Other people—wherever they are—give us benefits even if we never meet them. Even if we don’t even know they exist. Even if they’re from the other side of the planet—or from centuries before we were born.
It’s all part of the social cooperation of the market, in which we can all enjoy the many benefits of genius wherever we are.
One of the many blessings of the division-of-labour society that the market makes possible is how it allows us all to benefit from the existence of these geniuses (genii?). “It makes it possible” explains economist George Reisman, “for geniuses to specialise in science, invention, and the organisation and direction of the productive activity of others, thereby further and progressively increasing the knowledge used in production.” From which we all get the benefits, even centuries later.
I was thinking of this when I saw this clickbait list of the Top 20+ Smartest People Who Ever Lived – the sort of thing you and I like to click on during breakfast. Based on the web writers’ own spurious estimates of a spurious measurement (IQ) and interspersed with chess heroes and a failed stateswoman (Cleopatra) we see a number of people without whom our own lives would be a much lesser existence. List the ways in which each of them moved the world, and you’re well on your way to writing a 100 Greatest Reasons to Be Alive listicle for the next piece of clickbait.
And the funny thing is, as one commenter pointed out, there is no way if knowing that these are even the greatest genii who ever lived (geniuses?), because it’s perfectly possible, and even highly likely, that many other would-be geniuses simply withered on the vine without any opportunity to exercise their genius or benefit the world.
But when we realise the powerful impact just one genuine genius can have – that of an Aristotle, a Shakespeare, a Newton – we should understand the crucial life-giving importance of the specialisation that the division-of-labour society makes possible:
In the absence of a division-of-labour society, geniuses alonng with everyone else, must pass their lives in producing their own food, clothing and shelter—assuming they are fortunate enough to have survived in the first place. Perhaps their high intelligence enables them to produce somewhat more efficiently than do other people. But their real potential is obviously lost—both to themselves and to the rest of society.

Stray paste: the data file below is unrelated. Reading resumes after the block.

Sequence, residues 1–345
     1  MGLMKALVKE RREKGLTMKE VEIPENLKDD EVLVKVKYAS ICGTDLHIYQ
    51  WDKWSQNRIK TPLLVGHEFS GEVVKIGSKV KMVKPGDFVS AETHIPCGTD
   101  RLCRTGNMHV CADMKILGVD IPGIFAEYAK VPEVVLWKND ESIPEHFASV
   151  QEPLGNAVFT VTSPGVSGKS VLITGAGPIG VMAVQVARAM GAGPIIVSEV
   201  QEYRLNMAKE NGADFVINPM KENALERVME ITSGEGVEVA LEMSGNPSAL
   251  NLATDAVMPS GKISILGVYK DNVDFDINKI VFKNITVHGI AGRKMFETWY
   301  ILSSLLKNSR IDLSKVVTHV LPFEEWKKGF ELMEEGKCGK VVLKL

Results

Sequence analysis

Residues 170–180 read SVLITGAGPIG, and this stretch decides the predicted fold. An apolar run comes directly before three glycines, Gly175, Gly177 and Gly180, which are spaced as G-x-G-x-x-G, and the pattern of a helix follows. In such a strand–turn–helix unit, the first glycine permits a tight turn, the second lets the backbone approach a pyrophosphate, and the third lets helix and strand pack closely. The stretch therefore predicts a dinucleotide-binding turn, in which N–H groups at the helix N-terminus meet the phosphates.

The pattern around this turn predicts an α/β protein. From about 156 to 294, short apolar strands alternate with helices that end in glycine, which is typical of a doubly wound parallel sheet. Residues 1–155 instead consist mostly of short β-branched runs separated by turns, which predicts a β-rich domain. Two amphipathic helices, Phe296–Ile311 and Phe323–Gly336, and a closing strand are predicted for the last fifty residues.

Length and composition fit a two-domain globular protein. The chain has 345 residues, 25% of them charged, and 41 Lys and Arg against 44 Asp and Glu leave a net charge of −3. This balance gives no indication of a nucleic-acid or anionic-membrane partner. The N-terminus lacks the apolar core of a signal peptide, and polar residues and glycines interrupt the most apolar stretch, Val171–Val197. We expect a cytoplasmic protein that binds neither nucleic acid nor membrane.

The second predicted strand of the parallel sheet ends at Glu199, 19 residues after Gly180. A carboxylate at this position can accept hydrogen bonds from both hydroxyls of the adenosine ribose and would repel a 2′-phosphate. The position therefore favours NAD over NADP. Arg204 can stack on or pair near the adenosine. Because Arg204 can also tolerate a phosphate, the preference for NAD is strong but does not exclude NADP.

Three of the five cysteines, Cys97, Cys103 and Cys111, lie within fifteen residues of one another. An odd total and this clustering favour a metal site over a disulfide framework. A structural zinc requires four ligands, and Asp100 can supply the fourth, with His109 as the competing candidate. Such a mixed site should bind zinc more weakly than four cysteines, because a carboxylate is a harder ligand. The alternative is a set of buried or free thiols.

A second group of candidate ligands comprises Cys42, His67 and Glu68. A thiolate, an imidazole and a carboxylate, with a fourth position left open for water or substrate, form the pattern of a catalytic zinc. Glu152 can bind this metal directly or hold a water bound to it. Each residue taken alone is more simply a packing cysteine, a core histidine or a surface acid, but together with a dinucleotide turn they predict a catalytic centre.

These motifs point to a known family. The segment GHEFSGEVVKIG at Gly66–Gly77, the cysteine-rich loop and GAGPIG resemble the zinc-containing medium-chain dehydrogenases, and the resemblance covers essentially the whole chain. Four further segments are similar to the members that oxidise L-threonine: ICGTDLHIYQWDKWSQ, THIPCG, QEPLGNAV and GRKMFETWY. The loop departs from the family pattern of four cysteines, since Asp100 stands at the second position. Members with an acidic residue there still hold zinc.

In contrast, in a division-of-labour society … instead of being lost in obscurity, they [are able to] become the Newtons, the Edisons, the Fords of the world, thereby incalculably raising the productivity of every member of the division-of-labour society.
The effect is not just expanded wealth and productivity – it’s virtually an exponential multiplication of brain power.
The effect of a division-of-labour society is thus not only to increase the total of the knowledge that the same amount of brain power can store and use, but also to bring that knowedge up to a standard set by the most intelligent members of the society. The average and below-average member of society is enabled to produce on the strength of the intelligence of the most intelligent…
So even if we have never heard of Philip Emeagwali, Srinivasa Ramanujan or Aryabhata, the fact they existed and their genius was able to flourish and be shared has made our own lives incalculably better and more productive.
… And in each succeeding generation, geniuses are able to begin with the knowledge acquired by all the preceding generations, and then make their own fresh contributions to knowledge. In this way, the knowledge and productive power of a division-of-labour society are able progressively to increase, reaching greater and greater heights as time goes on.
It’s a great story.
Exactly the sort of story I like to think about over breakfast.